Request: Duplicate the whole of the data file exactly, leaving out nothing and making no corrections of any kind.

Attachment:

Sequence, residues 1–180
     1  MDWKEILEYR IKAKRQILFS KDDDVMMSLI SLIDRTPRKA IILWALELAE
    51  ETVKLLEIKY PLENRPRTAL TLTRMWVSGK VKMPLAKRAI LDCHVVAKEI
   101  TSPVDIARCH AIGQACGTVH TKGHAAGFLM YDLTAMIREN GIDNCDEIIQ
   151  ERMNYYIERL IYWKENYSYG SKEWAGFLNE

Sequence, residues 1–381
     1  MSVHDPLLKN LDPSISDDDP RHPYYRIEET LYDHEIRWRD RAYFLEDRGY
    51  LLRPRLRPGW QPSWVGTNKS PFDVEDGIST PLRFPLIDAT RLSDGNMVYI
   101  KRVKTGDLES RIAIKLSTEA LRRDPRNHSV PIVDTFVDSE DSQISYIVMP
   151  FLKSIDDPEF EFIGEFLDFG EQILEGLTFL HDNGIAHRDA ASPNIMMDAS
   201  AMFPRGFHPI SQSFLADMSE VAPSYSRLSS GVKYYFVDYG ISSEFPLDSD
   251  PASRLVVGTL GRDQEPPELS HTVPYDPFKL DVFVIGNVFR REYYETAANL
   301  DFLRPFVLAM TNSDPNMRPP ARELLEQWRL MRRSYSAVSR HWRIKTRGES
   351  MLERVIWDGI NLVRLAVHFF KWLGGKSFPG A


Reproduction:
Sequence, residues 1–180
     1  MDWKEILEYR IKAKRQILFS KDDDVMMSLI SLIDRTPRKA IILWALELAE
    51  ETVKLLEIKY PLENRPRTAL TLTRMWVSGK VKMPLAKRAI LDCHVVAKEI
   101  TSPVDIARCH AIGQACGTVH TKGHAAGFLM YDLTAMIREN GIDNCDEIIQ
   151  ERMNYYIERL IYWKENYSYG SKEWAGFLNE

Sequence, residues 1–381
     1  MSVHDPLLKN LDPSISDDDP RHPYYRIEET LYDHEIRWRD RAYFLEDRGY
    51  LLRPRLRPGW QPSWVGTNKS PFDVEDGIST PLRFPLIDAT RLSDGNMVYI
   101  KRVKTGDLES RIAIKLSTEA LRRDPRNHSV PIVDTFVDSE DSQISYIVMP
   151  FLKSIDDPEF EFIGEFLDFG EQILEGLTFL HDNGIAHRDA ASPNIMMDAS
   201  AMFPRGFHPI SQSFLADMSE VAPSYSRLSS GVKYYFVDYG ISSEFPLDSD
   251  PASRLVVGTL GRDQEPPELS HTVPYDPFKL DVFVIGNVFR REYYETAANL
   301  DFLRPFVLAM TNSDPNMRPP ARELLEQWRL MRRSYSAVSR HWRIKTRGES
   351  MLERVIWDGI NLVRLAVHFF KWLGGKSFPG A